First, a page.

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Lac Simon: the south coast, down the hill and upper hill – Simo sagihigan : wajagamak, nisidan, ogididan

Has the village always been where it is today? How did our community develop? We were first settled in the surroundings of Lac Simon. On the western shore of the lake, a church, a presbytery and a large house used as a warehouse, community hall and housing were built in 1925-1926. This location is referred to as “down the hill”.

Lac Simon Church as it is located near Lac Simon. We can see another building beside it and the lake it faces. Black and white picture.

The church installed down the hill.


With the opening of the road linking Senneterre and Mont-Laurier (late 1950s), families settled in a bay. A road connected this bay, nicknamed “Élysée’s Bay”, to Highway 117. Élysée Papatie had built a house there and families had set up their tents around.

In the 1960’s, we cleared the Cicip Road, connecting the “bottom of the hill” to Route 117. 13 small houses were built near the church. They were soon overcrowded and 7 semi-permanent tents were installed for young families.

Jean-Paul G. says: [Down the hill] “Initially [the houses] were built to serve the elderly. Seniors from all over who had difficulty keeping up with life on the land were to have access to these houses.”

Newspaper article from 1969 reporting on the construction of new houses on the new site of the community.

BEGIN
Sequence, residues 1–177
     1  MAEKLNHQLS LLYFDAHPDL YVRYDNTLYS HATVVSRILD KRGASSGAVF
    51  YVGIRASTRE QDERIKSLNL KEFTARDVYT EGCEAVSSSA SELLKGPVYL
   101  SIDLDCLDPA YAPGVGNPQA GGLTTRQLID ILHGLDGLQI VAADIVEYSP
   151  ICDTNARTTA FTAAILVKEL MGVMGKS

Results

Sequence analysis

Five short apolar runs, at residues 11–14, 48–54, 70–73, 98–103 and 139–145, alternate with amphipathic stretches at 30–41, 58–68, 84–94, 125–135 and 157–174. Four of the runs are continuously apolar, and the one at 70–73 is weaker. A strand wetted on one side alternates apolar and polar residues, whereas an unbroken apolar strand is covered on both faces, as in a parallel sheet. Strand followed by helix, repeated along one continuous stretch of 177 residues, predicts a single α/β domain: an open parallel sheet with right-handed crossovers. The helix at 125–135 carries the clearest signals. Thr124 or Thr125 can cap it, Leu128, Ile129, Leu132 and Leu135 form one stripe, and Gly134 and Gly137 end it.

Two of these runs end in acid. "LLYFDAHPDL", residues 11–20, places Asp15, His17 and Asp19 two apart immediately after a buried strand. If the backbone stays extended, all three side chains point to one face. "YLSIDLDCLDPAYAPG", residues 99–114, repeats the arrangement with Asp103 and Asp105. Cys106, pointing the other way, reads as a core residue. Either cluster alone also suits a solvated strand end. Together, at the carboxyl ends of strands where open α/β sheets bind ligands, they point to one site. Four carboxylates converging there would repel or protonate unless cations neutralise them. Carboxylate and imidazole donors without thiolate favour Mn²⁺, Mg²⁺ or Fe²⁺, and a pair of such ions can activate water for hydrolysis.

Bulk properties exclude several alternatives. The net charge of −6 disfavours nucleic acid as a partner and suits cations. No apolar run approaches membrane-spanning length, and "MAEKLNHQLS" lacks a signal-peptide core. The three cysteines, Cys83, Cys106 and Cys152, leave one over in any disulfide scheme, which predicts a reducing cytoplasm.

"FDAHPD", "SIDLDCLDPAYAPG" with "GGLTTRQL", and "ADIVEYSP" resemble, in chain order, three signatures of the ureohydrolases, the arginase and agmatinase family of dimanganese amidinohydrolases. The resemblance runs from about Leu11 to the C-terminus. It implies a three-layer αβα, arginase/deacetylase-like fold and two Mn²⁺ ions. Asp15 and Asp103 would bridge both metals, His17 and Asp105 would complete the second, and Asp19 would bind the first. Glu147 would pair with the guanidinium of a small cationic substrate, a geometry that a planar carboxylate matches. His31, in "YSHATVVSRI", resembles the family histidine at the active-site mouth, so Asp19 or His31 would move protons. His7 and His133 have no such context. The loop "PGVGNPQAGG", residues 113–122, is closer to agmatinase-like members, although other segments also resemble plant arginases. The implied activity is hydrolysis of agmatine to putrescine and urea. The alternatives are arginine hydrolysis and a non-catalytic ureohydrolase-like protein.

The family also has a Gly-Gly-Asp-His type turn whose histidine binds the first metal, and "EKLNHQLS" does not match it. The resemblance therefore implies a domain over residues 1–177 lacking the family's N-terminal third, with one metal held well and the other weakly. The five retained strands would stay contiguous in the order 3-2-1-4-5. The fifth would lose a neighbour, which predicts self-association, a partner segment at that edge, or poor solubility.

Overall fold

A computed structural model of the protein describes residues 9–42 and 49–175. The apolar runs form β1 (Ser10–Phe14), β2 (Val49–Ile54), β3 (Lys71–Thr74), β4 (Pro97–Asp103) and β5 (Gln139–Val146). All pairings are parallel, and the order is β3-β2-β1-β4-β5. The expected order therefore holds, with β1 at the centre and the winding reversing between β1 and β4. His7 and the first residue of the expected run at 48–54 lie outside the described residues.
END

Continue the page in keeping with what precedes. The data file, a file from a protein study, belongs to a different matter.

In 1969-1970, the Bureau of Indian Affairs authorized the construction of new housing as our band had reached the minimum number of members required (approximately 200). The Chief of the time agreed to move the community on the upper hill. It was a condition for building the new housing. Near the lake, the logistics of building the new homes were too complicated.

The actual site of our community has grown. 23 new houses have been built with modern facilities (such as electricity and running water). The church and the 13 small houses have been moved from the bottom of the hill to the upper hill. The attractiveness of the new houses, the future school and the proximity of Louvicourt convinced several families to ask for a band transfer.

The moving of the church to the site of the actual village was filmed!

Read the written description of this silent video.

After Cicip (duck) and Ogima (chief), the first streets are named after the families who settled there.